Facebook said most users may have had data scraped; Russia calls for UN meeting

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  • Russia calls for UN meeting on Salisbury attack – Russia has called for a United Nations Security Council meeting (CNN) on Thursday to discuss the use of a nerve agent in an English city that has sparked a global diplomatic crisis. The British government blames the Kremlin for the attack on Sergei Skripal and his daughter Yulia, and 28 UK allies backed its conclusion that Russia is responsible for the attack. Twenty-four countries expelled Russian diplomats in a display of solidarity with London. Moscow has denied any involvement in the attack. (Read more of WikiTribune’s coverage on the Salisbury attack and its fallout here.)
  • Brazilian court rejects ex-president’s bid to avoid jail – Former Brazilian President Luiz Inacio Lula da Silva could be jailed within a week after the country’s supreme court rejected his bid to avoid prison while appealing his conviction for corruption. Lula faces 12 years in jail on bribery charges, with six other trials against him pending. The decision is expected to prevent Lula from running in presidential elections later this year, in which he would be the most popular candidate, according to opinion polls.
  • Facebook said most users may have had data scraped – On Wednesday, Facebook said that “malicious actors” used search tools on its platform, in theory, making it possible for them to discover the identities and harvest information on most of its 2 billion users worldwide. Facebook CEO Mark Zuckerberg told reporters that Cambridge Analytica, the political consultancy firm employed by the Donald J. Trump’s campaign, effectively harvested the data of 87 million users, 37 million more than previously thought. Zuckerberg says he accepts full responsibility for the incident and has vowed to tighten developer access to user data.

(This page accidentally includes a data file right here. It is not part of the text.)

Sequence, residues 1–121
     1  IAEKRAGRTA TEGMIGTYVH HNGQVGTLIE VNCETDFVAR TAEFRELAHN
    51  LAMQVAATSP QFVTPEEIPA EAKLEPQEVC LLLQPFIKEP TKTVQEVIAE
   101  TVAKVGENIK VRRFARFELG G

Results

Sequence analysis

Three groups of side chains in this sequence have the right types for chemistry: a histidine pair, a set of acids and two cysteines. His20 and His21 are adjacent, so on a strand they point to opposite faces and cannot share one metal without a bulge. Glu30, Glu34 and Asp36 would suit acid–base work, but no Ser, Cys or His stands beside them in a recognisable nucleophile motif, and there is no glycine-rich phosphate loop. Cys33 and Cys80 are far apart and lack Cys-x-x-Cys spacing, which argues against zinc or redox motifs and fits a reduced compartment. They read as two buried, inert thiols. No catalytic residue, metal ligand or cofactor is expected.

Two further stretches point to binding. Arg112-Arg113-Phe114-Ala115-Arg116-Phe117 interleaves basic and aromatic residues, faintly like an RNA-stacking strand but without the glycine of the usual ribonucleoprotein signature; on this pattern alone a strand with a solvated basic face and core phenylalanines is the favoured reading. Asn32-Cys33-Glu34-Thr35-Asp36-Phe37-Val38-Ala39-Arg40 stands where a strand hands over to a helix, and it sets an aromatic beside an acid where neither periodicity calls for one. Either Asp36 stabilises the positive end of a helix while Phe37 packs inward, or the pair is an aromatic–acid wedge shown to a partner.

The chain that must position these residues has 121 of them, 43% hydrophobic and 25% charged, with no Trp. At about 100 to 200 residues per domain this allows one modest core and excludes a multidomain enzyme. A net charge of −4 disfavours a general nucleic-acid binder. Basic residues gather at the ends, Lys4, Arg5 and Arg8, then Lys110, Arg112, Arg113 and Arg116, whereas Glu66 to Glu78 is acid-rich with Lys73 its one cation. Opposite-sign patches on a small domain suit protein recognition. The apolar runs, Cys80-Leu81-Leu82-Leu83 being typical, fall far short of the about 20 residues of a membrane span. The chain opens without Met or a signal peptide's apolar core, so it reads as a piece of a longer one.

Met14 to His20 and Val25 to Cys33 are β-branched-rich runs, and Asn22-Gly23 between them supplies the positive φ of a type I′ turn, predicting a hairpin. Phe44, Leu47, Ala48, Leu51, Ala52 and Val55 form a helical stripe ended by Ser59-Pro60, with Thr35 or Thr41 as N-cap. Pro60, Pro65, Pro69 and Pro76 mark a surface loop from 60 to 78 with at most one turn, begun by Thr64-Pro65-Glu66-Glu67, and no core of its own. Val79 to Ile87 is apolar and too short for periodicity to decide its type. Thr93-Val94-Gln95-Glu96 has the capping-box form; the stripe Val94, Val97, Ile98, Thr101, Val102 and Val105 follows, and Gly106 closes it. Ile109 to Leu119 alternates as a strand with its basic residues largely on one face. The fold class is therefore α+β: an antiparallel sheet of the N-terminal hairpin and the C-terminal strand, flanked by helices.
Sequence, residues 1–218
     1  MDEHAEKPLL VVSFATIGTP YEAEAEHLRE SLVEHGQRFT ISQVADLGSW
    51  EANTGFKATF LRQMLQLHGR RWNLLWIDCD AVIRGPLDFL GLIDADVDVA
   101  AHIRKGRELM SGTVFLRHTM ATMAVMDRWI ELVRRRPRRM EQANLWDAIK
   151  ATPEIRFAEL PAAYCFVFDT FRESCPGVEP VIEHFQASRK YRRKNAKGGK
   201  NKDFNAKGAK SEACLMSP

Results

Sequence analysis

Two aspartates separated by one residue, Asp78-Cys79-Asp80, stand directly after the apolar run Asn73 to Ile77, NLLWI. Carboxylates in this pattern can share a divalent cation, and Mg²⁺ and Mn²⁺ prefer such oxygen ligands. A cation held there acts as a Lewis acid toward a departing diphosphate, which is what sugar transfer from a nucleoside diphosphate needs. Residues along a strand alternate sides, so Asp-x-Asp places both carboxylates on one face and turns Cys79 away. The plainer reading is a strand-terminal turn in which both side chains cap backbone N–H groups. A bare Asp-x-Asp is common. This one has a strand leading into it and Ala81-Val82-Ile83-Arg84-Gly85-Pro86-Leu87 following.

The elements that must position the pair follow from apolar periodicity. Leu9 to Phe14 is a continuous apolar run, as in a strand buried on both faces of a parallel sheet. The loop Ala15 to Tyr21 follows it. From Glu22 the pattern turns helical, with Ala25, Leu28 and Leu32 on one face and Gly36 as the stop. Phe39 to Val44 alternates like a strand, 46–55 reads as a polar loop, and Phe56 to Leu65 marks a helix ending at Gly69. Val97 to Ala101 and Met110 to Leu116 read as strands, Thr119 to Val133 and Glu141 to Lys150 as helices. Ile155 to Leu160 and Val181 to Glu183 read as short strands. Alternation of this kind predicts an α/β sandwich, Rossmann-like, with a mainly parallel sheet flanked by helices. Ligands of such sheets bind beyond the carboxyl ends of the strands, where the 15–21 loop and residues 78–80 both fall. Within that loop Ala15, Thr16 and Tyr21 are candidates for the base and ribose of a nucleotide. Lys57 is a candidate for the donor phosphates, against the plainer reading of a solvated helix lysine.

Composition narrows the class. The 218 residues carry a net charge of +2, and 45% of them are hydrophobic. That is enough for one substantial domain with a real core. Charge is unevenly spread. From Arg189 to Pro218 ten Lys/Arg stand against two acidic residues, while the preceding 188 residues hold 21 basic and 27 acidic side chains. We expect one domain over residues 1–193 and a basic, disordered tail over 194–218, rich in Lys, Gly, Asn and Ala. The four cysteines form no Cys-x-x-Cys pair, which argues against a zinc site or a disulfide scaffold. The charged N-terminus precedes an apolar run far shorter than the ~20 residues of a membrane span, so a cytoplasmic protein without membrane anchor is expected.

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Four Singaporean universities appear to have become the latest targets of nine Iranian hackers, reports Esan Swan. They are believed to have stolen 31 terabytes of academic and intellectual data from 52 staff accounts. Late last month, the United States announced criminal charges and sanctions for the group, accused of working for the Iranian government.

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More people in the United States died from opioid use in 2016 than traffic accidents and the White House said tackling the crisis is a priority. WikiTribune is exploring different ways we could report on government policy toward the war on drugs.

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Maltese investigative reporter Daphne Caruana Galizia died in October when her car exploded, but her death has drawn attention to the complex web of financial transactions she was investigating. This Financial Times piece (may be behind a paywall) looks into Caruana Galizia’s work and the many enemies it made her. – Jack Barton

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